The Three Wishes
"What's all this?" says she.
Then all the morning's work came back to the woodman, and he told his tale right out, from beginning to end, and as he told it the goodwife glowered and glowered, and when he had made an end of it she burst out, "Thou bee'st but a fool, Jan, thou bee'st but a fool; and I wish the pudding were at thy nose, I do indeed."
And before you could say Jack Robinson, there the goodman sat and his nose was the longer for a noble link of black pudding.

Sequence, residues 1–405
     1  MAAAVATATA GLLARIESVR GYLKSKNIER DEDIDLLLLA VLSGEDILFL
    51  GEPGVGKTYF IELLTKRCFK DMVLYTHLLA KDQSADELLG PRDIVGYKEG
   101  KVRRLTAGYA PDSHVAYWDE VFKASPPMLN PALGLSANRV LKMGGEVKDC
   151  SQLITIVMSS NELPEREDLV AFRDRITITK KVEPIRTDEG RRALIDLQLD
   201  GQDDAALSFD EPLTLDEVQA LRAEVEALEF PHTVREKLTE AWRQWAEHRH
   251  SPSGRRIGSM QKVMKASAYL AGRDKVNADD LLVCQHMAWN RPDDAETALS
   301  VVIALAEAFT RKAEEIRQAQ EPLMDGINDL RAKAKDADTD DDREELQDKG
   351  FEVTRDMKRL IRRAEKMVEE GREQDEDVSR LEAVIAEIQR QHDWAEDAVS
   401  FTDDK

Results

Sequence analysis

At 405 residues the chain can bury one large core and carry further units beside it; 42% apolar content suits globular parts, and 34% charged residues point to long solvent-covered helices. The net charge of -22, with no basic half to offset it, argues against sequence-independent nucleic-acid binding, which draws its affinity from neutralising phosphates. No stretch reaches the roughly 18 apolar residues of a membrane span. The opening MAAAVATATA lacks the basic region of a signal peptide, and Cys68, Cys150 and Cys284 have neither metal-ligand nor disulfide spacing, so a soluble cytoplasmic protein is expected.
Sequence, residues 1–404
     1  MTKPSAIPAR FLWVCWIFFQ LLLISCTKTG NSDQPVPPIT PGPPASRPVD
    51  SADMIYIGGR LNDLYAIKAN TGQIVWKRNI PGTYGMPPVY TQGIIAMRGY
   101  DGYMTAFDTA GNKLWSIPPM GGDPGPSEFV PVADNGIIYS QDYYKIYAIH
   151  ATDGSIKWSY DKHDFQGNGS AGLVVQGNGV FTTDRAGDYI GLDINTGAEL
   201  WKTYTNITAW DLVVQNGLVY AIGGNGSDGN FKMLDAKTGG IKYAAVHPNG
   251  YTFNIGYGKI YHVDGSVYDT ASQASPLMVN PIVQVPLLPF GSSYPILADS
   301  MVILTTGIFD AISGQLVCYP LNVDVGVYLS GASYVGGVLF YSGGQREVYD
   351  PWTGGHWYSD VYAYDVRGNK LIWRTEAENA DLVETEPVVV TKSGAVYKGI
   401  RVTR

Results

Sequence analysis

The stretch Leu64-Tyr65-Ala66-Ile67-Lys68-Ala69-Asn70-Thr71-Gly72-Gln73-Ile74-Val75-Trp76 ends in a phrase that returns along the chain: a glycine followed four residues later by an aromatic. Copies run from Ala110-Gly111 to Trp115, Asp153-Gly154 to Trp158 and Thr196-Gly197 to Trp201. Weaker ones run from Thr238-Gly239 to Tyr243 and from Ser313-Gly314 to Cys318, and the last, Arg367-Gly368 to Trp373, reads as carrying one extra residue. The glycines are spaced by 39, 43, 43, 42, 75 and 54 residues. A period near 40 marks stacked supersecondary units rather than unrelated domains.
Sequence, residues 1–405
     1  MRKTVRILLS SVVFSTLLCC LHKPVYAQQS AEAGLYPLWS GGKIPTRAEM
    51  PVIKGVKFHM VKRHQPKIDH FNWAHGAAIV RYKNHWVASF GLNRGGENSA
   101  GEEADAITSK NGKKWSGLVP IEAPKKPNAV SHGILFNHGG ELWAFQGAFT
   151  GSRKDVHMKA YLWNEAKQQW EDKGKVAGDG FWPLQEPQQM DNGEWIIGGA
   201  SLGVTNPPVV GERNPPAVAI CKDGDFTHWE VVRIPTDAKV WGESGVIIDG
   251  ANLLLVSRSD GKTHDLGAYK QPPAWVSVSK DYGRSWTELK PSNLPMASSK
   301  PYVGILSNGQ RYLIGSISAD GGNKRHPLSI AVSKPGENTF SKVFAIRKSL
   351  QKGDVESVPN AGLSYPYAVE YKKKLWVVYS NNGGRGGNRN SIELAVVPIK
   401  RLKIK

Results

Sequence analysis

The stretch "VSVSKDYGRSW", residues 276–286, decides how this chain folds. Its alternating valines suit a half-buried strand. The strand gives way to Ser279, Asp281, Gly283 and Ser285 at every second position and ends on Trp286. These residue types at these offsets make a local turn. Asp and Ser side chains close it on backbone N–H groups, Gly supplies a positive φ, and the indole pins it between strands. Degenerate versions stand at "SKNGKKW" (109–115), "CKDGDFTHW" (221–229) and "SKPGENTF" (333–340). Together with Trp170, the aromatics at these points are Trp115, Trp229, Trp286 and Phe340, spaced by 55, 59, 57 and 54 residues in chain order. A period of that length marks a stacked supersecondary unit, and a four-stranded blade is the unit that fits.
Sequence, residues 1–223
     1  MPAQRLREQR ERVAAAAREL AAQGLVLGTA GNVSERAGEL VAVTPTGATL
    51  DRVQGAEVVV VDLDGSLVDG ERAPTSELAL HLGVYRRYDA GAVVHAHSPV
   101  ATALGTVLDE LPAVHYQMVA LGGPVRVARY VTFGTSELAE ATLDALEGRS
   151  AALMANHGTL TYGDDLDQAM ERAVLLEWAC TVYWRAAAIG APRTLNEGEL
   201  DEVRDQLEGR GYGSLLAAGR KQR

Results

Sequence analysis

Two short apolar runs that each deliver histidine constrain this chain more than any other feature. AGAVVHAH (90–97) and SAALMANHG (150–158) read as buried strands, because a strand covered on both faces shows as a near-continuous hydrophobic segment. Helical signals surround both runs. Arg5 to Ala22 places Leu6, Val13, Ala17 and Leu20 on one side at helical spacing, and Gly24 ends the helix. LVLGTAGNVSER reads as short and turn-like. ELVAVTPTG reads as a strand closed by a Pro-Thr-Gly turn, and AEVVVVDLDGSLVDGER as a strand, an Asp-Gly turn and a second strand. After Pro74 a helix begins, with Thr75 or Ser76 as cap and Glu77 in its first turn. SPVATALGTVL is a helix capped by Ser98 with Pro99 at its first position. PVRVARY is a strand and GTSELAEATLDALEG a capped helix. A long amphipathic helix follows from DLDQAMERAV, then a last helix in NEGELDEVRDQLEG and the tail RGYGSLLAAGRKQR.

He gave a pull but it stuck, and she gave a pull but it stuck, and they both pulled till they had nigh pulled the nose off, but it stuck and stuck.
"What's to be done now?" said he.
"'T isn't so very unsightly," said she, looking hard at him.
Then the woodman saw that if he wished, he must need wish in a hurry; and wish he did, that the black pudding might come off his nose. Well! there it lay in a dish on the table, and if the goodman and goodwife didn't ride in a golden coach, or dress in silk and satin, why, they had at least as fine a black pudding for their supper as the heart of man could desire.